That’s it for me, so Chris Elniff is on the clock!

Collaboratory Assessment

Watch this session below or at the new KABTv page.

If you weren’t able to attend the 2014 KABT Fall Conference, I presented a session on how to provide students with group assessments which still hold each student accountable for their own individual learning. My experience using collaboration on assessments began after I read an article from Popular Science about a professor, Peter Nonacs, from UCLA who was trying to provide his students with a lesson in Game Theory. I have never been the most vocal advocate for tests in general, and final exams specifically, but even I was uncomfortable with the idea of every student taking the same test, and only answering one question. However, after some reflection, I began to realize that, had I properly done my job, my students shouldn’t need 50 or 100 multiple-choice questions to prove they had mastered the content. In my elective classes especially, my own personal goals were not to create student-experts in Microbiology, Environmental Science, or Prairie Ecology; what I wanted was to have students that could solve problems, think critically, evaluate complex issues, conduct investigations, and communicate science effectively. None of these goals necessitates the creation and existence of a multiple-choice test. So I decided to give it a try.

To sum up the experience: I loved it. My students, in 90 minutes, showed me everything I could have wished for and exceeded my own inflated expectations of their ability. In the same vein as the author of the article I had read, I wrote the most difficult questions I could. I gave my students advanced warning regarding the format of the exam. I encouraged my students to prove to me that, given a challenge unlike any they had faced before, they would rise to the occasion and perform creatively and with maturity beyond their years. I even gave them the email addresses and phone numbers of several experts I knew in our area, people that knew more about the subject than my students could possibly learn in their semester-long elective course. And they did everything I could have asked for. They wrote up a plan and agreed to stick to it. They all took a job and completed their individual tasks. They peer-edited, shared sources, and encouraged each other. They took their draft to other teachers in the building (Luckily the AP Government and Economics teachers were on their plan periods), and asked them to contribute a quote for their final paper and asked for feedback. And they completed the assignment on time, with smiles on their faces. This may come as a surprise, but a smile is not the normal response I receive at the end of an exam.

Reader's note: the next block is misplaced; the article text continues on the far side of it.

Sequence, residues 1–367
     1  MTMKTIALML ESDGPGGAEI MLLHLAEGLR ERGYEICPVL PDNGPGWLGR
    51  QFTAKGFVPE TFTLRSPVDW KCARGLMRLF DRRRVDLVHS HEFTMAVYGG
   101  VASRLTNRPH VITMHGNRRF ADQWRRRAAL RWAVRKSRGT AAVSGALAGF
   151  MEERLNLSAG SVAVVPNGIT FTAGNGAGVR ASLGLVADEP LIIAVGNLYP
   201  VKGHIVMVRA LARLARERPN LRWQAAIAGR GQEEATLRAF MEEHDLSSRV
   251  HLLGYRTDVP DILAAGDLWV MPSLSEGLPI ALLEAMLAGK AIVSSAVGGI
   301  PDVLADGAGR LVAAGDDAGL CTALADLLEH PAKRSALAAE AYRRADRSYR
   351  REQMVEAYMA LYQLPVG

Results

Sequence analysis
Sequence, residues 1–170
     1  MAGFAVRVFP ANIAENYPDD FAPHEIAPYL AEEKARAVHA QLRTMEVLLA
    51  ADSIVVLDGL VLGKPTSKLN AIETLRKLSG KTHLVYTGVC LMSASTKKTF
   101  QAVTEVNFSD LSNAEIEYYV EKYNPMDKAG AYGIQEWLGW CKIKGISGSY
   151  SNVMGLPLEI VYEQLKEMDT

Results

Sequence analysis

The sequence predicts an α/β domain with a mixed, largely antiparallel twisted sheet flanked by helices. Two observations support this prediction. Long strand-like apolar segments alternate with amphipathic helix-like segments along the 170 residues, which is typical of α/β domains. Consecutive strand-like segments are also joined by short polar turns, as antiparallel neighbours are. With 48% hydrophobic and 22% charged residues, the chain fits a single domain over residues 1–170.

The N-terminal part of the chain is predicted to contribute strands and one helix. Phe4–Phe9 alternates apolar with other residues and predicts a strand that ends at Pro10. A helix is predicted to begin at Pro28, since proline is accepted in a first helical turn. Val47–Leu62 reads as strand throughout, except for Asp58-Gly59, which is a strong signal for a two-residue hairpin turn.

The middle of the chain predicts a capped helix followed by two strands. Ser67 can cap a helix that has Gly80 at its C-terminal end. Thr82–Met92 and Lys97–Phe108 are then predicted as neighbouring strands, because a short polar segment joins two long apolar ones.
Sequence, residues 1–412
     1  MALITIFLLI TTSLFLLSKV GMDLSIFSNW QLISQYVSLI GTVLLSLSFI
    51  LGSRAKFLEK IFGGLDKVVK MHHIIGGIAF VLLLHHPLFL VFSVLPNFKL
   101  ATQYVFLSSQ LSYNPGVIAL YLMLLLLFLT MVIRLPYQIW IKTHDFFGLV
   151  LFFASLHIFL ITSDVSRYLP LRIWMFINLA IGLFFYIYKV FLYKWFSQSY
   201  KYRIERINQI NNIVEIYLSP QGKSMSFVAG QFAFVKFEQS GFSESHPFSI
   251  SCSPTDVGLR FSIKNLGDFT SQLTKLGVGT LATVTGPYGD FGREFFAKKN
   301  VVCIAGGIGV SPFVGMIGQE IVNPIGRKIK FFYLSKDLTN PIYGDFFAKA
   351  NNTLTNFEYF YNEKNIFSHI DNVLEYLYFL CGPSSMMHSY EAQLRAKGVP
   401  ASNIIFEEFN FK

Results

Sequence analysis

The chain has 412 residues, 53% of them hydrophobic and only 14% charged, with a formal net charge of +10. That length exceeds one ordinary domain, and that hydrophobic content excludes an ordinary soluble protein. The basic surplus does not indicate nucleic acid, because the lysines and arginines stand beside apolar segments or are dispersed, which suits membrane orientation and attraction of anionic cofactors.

But the best part? My “best” student and my “worst” both told me the same thing after class. They said that it was the hardest, best test they had ever taken, and they thought that it would prepare them to be successful after high school. And that’s the point, isn’t it? Our students are like our own children, and we want them to have the best possible chance to be successful once they leave our classrooms.  The current assessment model is unrealistic. After students complete a traditional 4-year college education, very few people have to pass a multiple choice exam in their jobs on a regular basis. Perhaps for licensing purposes, but not for any other reason that I have ever experienced. If they want to advance, they need to be able to work in groups, finish their assigned tasks, solve problems, present their information, and complete difficult jobs that have no known solutions. And if they’ve never practiced that before they encounter that situation, how likely are they to succeed?

At the end of this post, I have attached the original questions which I used in my Environmental Science course that first year. I encourage you to read the original Popular Science article, then use my questions, adapt them, or ignore them and make your own even-better questions for your students. Even if they fail, the teachable moment will be a powerful one, and it can be a lesson that sticks with them for years to come. And besides, Dr. Nonacs isn’t kidding: their faces are priceless when you first describe the test to them.

If you take the leap, let me know how it goes; I can’t wait to hear about it!

Drew Ising can be reached at aisingon@olatheschools.org (email), @Mr_Ising (Twitter) or at 920-Ising-Ed (SMS).

EnvEco_FinalQuestions_KABT (PDF)

EnvEco_FinalQuestions_KABT (DOCX)

KABT_CollaboratoryExams (Conference Presentation, PDF)

Biomolecular Modeling

With the new NGSS rollout, the science and engineering practices have become a major topic of interest and relevance. Through an application and selection process at MSOE and 3D Molecular, Inc, I was selected to be a part of a group of teachers receiving training on Drugs, Drug Targets, Neural Processing, and Drug Addiction. During the NIH-funded seminar, I learned a great deal about the power of modeling and effective methods of implementation. Whether you have the resources to purchase models or make them on your own, using models in the biology classroom is a great way to enhance your students’ education, embrace the new standards, and provide opportunities for critical thinking on hard-to-grasp concepts.

Resources:

Models-Based Science Teaching by Steven W. Gilbert: 

Biomolecular Modeling, MSOE